The Rise of Serpentine Mounds

Context

In 2002, Ian Lazarus was invited by artist Noel Harding to submit creative ideas to the liveARTs Festival, which Noel was spearheading. The Festival's goal was "to broaden audience experience at the Toronto Zoo through a series of art/cultural projects." The Festival was to be located in the parking lot areas, along walkways, at entrance gates, through the Zoo site at locations where people are in transit or queuing and at the new amphitheatre.

Ian teamed up with artist Badanna Zack to propose a site-specific installation that would be composed of obsolete cars embedded in three mounds forming a serpent shape, to be located on an island in the Zoo parking lot, near the Zoo entrance. The intention was also to juxtapose the piece with Mobile Fun, a ferris wheel by Dutch artist/architect John Körmeling that circulates cars and their passengers, hoisting them 100 feet into the air.

Development

The proposal, entitled Serpentine Mounds, was selected as "one of four central projects, to be installed and undertaken by liveARTs, in partnership with the Toronto Zoo, The Power Plant Contemporary Art Gallery, The Museum of Contemporary Canadian At (MOCCA), The Textile Museum of Canada, The Tree Museum and the individual Artists and Curators. A consciousness of the environment and sustainability was an underlying reference to all of the projects."

In May 2003, the Ontario Cultural Attractions Fund approved funding for the liveARTs Festival, to be held in 2004. In order to help secure this funding, Ian Lazarus had engaged a number of in-kind sponsors who were drawn to the project abd festival because it uniquely tied in with their own environmental mandates.

    "By juxtaposing junked cars with new vehicles in a parking lot, the work serves as a reminder that our precious possessions will some day meet the same fate as their counterparts. Serpentine Mounds prompts questions about our consumer behaviour and its effect on the environment."

    liveARTs Festival sponsor package, 2004

In the fall of 2003, the Toronto Zoo renamed the event, changed the selection of works proposed and moved to relocate Serpentine Mounds out of the parking lot. An unused space in the African area of the Zoo was selected as the new location for the project and the artists adjusted the concept for this site-specific work to suit the new space. The Zoo's CEO and General Manager Calvin White, introduced Toronto's Solid Waste Management Services to the project.  He indicated that the work should remain on site at least a year or longer, although the Toronto zooarts festival -- as the visual arts exhibition was now called -- was scheduled to run from June to September 2004.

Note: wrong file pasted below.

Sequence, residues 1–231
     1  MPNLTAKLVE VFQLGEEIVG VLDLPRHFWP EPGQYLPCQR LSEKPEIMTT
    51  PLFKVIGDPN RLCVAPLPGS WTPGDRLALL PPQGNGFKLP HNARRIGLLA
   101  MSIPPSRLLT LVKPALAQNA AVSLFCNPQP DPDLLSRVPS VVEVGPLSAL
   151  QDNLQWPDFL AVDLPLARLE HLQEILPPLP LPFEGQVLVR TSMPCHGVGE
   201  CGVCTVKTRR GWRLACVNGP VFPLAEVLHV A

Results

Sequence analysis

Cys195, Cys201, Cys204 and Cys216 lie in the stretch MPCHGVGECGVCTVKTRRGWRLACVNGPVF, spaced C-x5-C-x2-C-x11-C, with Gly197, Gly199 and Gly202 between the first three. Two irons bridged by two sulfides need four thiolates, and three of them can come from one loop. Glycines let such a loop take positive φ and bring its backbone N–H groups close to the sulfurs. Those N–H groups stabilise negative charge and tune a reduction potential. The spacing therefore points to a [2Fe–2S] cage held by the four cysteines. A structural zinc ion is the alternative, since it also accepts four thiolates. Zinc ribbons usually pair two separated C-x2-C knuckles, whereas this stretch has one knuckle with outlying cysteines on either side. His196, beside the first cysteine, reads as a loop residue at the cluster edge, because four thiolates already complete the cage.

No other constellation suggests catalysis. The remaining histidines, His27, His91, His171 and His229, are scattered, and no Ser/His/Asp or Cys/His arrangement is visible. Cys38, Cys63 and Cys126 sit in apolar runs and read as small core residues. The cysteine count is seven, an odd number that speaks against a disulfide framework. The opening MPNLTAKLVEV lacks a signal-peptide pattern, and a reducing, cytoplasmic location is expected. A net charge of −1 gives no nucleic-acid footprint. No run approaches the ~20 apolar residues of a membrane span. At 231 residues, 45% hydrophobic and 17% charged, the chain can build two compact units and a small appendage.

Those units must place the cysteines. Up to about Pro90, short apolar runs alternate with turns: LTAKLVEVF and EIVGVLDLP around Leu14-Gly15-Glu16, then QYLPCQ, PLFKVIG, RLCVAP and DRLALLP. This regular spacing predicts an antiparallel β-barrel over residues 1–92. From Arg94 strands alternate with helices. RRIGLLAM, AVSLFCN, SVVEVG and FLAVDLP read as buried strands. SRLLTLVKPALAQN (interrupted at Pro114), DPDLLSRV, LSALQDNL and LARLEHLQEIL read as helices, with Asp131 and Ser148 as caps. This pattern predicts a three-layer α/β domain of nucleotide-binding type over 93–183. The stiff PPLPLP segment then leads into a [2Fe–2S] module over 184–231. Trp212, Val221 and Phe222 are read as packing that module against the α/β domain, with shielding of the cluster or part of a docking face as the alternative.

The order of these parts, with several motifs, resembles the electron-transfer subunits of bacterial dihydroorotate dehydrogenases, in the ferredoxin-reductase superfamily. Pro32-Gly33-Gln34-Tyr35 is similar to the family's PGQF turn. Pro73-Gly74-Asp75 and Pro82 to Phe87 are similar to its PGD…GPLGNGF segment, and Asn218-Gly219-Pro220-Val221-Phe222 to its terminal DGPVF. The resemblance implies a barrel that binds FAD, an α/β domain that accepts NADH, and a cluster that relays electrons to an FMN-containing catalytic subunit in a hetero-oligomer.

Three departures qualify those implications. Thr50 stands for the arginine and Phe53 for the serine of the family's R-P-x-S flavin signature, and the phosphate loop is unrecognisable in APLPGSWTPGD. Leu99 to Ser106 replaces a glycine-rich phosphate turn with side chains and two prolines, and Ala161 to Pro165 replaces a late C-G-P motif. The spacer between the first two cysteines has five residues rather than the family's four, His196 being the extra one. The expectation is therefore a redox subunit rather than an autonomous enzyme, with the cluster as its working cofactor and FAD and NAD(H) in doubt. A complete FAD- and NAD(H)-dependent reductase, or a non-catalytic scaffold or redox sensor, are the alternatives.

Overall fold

Production

Construction of Serpentine Mounds spanned 6 1/2 weeks starting from April 6, 2004 to
May 13, 2004:
  • Standard Auto Wreckers provided the cars that they stripped and cleaned to make them environmentally safe.
  • The City of Toronto's Solid Waste Management Services provided the equipment and crew to move the earth, install the cars and provide the topsoil, as well as cash towards communications.
  • Terrafix Geo provided the silt fence to protect the trees and wetlands within the installation space
  • Toronto Zoo adapted the construction fencing and seeded the grass once production was completed
  • Ian Lazarus and Badanna Zack coordinated production, provided the creative direction and contributed their labour for shaping the earth and cleaning the cars.
The production process went very smoothly, thanks to all those involved, and was completed in June once the grass had grown in. See weekly production process by clicking on thumbnail images on the Serpentine Mounds main page. The installation was removed October of 2004

Media and Public Reaction


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